If you are using the pedal as a boost I might suggest that for this particular amp you don't use the pedal as you normally do. Rather, turn up the pedal distortion a bit and turn down the pedal volume a bit. Repeat until it no longer sounds harsh and ratty. I don't think you'll notice a significant decrease in overall volume in the final settings if you pay attention. It won't be the "more tube distortion" and less pedal distortion that is the goal of a "boost", but if I'm correct then you may actually damage the amp doing what you have been. Maybe not yet. Maybe not tomorrow. But soon enough.

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    Quote Originally Posted by The Dude View Post
    When I hear "too Hi-Fi", I think too much high frequency. Extra highs can sound good on clean guitar- not so much on distorted guitar.
    That is what I have been thinking as well. I also think that with not tone stack and subsequent lowered signal it may be clamping the 2nd stage input grid and causing blocking distortion: http://www.aikenamps.com/index.php/w...ing-distortion

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    Quote Originally Posted by eschertron View Post
    ...or a soundclip. I was thinking 'farty' bass, but maybe not? Where's the volume control? Without a tone stack between stage 1 and stage 2, any boost in front is likely to simply "splatter" the waveform in stage 2. Oh, yeah. A schematic would help.
    Not a case of farty bass. No-master volume and the volume control is in-between preamp stages. I agree concerning splattering waveform and I am considering adding resistance to assimilate tone stack loss...any recommendation for value(s)?

    I am trying to post a schematic but I don't see 'Photos & Albums' link or a User Control anywhere.

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    Quote Originally Posted by Chuck H View Post
    At least part of the problem may be that the clipped waveform symmetry and other power tube behaviors may be getting too far out of typical or even safe operation when the front end is boosted. It's possible something about the design is allowing far too much signal to the grid of the power tube when you use the pedal the same way you have for other amps. As an aside, it may be a good thing that is sounds bad so you won't play the amp that way because if this is what's happening it could be very bad for the screen grid in the power tube.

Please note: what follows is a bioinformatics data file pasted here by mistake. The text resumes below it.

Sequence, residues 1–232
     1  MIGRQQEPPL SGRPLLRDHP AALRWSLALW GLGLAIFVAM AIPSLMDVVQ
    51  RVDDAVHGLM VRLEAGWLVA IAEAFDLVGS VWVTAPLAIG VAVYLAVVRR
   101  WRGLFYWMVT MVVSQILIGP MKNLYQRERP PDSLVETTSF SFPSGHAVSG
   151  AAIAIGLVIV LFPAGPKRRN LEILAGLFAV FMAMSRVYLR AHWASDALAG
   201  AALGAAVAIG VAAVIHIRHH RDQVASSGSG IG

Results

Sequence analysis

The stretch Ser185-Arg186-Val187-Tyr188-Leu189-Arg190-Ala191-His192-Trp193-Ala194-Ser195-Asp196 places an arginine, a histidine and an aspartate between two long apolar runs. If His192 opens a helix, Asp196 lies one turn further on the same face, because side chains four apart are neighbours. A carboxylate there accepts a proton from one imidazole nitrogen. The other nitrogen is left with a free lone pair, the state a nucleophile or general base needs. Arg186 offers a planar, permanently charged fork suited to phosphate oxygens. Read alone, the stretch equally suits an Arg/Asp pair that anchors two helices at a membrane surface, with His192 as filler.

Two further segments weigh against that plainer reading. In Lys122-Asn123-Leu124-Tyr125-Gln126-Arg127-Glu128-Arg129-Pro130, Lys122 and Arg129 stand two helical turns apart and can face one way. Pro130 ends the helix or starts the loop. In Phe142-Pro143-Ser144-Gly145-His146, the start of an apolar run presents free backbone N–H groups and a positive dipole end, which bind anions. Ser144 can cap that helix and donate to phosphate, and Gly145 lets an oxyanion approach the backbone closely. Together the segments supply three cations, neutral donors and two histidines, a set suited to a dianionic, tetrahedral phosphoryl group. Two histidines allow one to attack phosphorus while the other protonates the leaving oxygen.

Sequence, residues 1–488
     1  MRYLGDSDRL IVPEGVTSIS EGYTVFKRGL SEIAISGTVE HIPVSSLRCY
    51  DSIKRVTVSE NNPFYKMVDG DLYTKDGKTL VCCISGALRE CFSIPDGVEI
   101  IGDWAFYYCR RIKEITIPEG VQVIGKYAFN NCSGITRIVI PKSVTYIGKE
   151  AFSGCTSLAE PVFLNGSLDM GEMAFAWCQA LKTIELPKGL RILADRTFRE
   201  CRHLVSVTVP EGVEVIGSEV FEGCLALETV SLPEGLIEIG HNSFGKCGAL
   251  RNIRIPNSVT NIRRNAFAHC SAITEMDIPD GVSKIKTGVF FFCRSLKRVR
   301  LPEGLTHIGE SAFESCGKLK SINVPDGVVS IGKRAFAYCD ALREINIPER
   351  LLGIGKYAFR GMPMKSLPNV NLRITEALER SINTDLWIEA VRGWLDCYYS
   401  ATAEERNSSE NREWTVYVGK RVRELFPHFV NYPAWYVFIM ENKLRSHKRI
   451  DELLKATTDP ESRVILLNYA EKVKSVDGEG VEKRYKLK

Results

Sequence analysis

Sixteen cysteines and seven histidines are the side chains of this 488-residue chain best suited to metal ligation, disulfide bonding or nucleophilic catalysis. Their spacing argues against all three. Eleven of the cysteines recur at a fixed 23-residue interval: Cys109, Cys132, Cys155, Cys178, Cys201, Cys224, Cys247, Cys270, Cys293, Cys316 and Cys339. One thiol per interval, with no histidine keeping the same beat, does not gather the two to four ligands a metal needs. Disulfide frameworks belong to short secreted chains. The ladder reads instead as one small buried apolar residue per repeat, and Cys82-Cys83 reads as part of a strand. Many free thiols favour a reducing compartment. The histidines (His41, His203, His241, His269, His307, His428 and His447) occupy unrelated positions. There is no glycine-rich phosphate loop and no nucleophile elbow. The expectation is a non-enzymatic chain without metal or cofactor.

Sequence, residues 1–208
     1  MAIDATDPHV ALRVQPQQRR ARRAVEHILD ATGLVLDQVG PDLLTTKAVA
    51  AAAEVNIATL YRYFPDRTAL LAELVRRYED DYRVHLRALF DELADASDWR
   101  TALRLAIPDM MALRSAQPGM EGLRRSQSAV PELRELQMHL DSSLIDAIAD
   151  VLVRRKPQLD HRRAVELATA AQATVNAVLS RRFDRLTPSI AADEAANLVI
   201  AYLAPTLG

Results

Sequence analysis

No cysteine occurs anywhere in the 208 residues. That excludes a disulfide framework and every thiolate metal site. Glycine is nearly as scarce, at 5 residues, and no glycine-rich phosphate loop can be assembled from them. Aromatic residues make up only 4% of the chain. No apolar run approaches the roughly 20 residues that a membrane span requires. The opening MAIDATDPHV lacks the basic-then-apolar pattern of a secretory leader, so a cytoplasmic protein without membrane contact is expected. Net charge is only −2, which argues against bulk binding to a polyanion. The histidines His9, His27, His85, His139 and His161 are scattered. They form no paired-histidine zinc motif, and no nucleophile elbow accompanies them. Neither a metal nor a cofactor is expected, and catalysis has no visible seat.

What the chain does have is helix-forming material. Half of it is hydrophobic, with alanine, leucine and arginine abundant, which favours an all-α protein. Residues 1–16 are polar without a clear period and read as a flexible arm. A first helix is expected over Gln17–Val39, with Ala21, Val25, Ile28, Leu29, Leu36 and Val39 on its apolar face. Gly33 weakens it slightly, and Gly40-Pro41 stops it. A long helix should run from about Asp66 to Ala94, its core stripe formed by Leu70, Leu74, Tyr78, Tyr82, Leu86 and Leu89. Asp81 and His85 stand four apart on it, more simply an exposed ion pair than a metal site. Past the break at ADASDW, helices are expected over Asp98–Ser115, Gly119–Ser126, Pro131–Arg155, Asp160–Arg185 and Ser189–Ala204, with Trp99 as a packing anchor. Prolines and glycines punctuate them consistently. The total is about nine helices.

Could it possibly be that since I'm using a 6V6 in place of an EL84 that the Hammond 269EX PT is supplying only 255 volts which may operate the tube at a less than optimal range?

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    Last edited by HR_Puffinblunts; 04-14-2019 at 12:06 AM.

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    That can't be right

    The schematic doesn't show any ground reference for the 6V6 grid.

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    Quote Originally Posted by tboy View Post
    The schematic doesn't show any ground reference for the 6V6 grid.
    I think I cathode biased it around 12 or 13 volts.

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    No coupling cap shown either.

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    The DC coupling of the 6V6 to the 12AX7 driver plate must be wrong. It would mean HUGE power dissipation of the 470R cathode resistor.

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    Quote Originally Posted by g1 View Post
    No coupling cap shown either.
    Sorry, it's been about 5 years since I drew a schematic and I mistakenly left off the ground reference 220k grid leak resistor and .02 coupling cap between 2nd gain stage and output.

    Anyone listen to the Youtube clip of my amp I posted in reply #13 ?

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    Look at an Epiphone Valve Jr schematic...

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    Listening to the Youtube vid, that doesn't sound like blocking distortion. The 220k resistor at the grid of V2 and the 10K at the grid of V3 means you would need to overdrive the thing severely to get any blocking. In the vid it doesn't sound like the signal level is increasing nearly enough to cause blocking. In truth, I don't think the amp itself is distorting much at all. Most of the OD comes from the pedal (my guess from listening to the vid.)

    The fact is some amps just don't like pedals as well as other. I wish I understood why. If anyone here has any clues, please share them.